1) Give your brain the information it needs to guide you through the race
Your brain knows everything that you do. It may seem like a silly statement but many people will ignore what they spontaneously think in favor of something they consciously think. Don’t look at rocks and think “there is a rock”, scan along the trail ignoring what you see. Come back to the rocks only if your eyes come back to them, but it is most likely that your brain will determine a better line and look at something other than the rocks. To do prime your brain with sensory input, deliberately move your eye fixations back and forth along the upcoming trail allowing the sensory input to flood into your brain. Doing this will give your brain the best chance of creating an accurate mental image of the trail that it will then work with to determine the best line and effort level.
Doing this requires a lot of focus and it is pretty draining. The good news is that you’ll only need it when you are going very quickly or riding on pretty technical terrain.
2) Do not pay attention to things that you cannot impact
When you are riding fairly quickly, there is little point in looking at what you are about to ride over because there is very little you can do about it – if you cannot react to what you see, you are not looking far enough ahead and you shouldn’t be aware of it.The same applies to other riders. Do not count on them to make a mistake or call you round because that takes the out come of the race out of your control. Your goal is to get to the finish line injury free and as fast as you possibly can. Anything that takes away from that goal should be eliminated from your race behavior. Flawless riding will get you to your goal and that will only come to be if you focus on the riding.
3) Start your nutritional recovery as soon as you cross the finish line
You should consider consuming dextrose / maltodextrin during the ride. This will allow you to take advantage of the window of opportunity for increased cellular transport.If you have no idea what dextrose and maltodextrin are you should read my post on Post Workout Nutrition. It represents the most up to date science available for body building nutrition and deals with getting the most amount of recovery sugar and protein to the muscles to promote the fastest recovery. Studies have shown that there is a finite absorption rate for each macro nutrient and my recommendations are based on these values – bring in ONLY what your body can use per unit of time. If you bring in more than your body can use you are increasing the likelihood of fat storage. While still unlikely after intense racing, it is possible when you are dealing with high GI carbs like dextrose.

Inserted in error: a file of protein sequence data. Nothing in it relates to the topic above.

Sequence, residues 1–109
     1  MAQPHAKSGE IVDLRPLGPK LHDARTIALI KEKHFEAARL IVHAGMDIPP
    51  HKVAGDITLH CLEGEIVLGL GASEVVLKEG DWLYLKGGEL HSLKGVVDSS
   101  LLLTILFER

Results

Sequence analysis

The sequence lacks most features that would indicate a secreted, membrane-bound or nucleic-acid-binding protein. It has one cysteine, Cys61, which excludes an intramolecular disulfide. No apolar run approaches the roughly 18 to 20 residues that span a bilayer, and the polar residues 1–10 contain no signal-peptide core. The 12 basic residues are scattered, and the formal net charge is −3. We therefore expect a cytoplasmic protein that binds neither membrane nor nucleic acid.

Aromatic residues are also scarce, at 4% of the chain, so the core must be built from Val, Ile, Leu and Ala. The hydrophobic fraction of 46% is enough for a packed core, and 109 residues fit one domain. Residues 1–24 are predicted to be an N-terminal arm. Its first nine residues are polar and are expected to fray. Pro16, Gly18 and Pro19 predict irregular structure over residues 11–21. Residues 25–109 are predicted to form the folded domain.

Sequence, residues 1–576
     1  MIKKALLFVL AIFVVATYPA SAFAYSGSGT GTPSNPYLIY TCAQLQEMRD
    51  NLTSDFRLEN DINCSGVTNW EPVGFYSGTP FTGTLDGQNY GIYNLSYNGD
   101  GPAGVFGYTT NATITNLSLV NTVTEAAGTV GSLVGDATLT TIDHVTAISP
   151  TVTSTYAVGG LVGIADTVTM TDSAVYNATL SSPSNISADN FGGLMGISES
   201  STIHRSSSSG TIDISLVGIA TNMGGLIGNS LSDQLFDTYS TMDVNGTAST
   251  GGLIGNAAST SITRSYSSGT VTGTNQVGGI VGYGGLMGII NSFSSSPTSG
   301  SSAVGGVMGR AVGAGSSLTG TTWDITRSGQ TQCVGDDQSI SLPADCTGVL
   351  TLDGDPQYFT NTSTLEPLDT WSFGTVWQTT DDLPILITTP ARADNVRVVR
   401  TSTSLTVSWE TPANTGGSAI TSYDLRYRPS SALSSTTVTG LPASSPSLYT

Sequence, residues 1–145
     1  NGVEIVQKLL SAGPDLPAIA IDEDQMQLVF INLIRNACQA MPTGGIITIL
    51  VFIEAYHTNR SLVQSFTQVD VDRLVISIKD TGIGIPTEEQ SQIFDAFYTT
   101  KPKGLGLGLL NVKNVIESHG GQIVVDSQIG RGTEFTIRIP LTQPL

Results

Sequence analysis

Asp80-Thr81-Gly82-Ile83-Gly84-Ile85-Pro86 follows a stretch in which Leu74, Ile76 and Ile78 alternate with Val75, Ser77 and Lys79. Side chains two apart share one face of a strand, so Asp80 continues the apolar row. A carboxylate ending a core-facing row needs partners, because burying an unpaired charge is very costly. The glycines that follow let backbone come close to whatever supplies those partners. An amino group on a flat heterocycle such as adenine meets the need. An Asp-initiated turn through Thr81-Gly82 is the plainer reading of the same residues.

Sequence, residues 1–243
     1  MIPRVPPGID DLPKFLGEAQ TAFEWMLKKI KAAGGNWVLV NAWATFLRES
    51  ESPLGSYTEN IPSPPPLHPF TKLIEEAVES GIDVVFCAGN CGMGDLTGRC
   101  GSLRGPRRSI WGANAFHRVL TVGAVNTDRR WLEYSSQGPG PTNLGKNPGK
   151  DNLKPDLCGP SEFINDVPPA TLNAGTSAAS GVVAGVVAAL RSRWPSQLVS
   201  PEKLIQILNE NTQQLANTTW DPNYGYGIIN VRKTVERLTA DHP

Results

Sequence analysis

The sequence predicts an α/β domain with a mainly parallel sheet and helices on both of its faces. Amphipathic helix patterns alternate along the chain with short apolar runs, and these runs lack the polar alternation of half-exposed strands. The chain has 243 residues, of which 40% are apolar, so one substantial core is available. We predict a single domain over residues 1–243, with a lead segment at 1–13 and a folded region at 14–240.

4) Follow an adequate training tapper before your races
If you have no idea what I’m talking about here, just make sure you are well enough rested on race day to perform will as much intensity as you need. Athletes and their coaches tend to come up with complete ways of describing their simple behavior and for they’ve come up with the term tapper to mean a reduction in training before a competition to ensure complete recovery.
Depending upon the event you are participating in, you will need to vary the amount of rest you get. Cross country racers will need to about 2-4 days of dramatically reduced work load before a race because this event does not rely heavily on coordinated muscular strength or power; you are basically holding your top maintainable pace for the duration of the ride. Downhill racers may need to reduce work volume in the week leading up to the event to make sure the nervous system is completely recovered allowing for improved muscle coordination and synchronous firing that can be needed for aggressive down hill racing.At the very least an athlete should not ride with full intensity in the 3 days leading up to an event and they should focus on nutritional recovery after any training or pre-lap rides they take.
You are going to need to experiment with the volume and duration of your tapper for find the perfect balance between rest, recovery and performance. When you find that sweet spot, I’ve found that most of the nervousness about racing goes away because you know you are as well prepared as you can be.
5) Train all year round
This will have more impact on your racing results than anything else you can do. While less important for younger riders, the over 27 crowd doesn’t have a choice in the matter. If you are close to your 30’s, you are going to lose cardiovascular functioning during the off season UNLESS you train with high intensity for 30 minutes 3 times a week. Note, this is just the maintenance level. Improvements are very unlikely with 90 minutes of training per week – think about the gains you make during the season, they are based on riding almost every day. The rule of thumb is the more you train the more you will improve, both in skill and in your body’s ability to adapt to the work.The training needs to be varied and you will benefit from cycling through different phases – strength building, cardio building, maintenance phases, and race tappers.
During the race season you should continue to perform some resistance training to maintain muscle and connective tissue strength. This will help you stay strong throughout the season and avoid injury. It has the added benefit of helping to burn up any extra calories that you may consume after your rides. 4 or 6 sets per body part per week should be sufficient to allow you to hold on to your strength and size.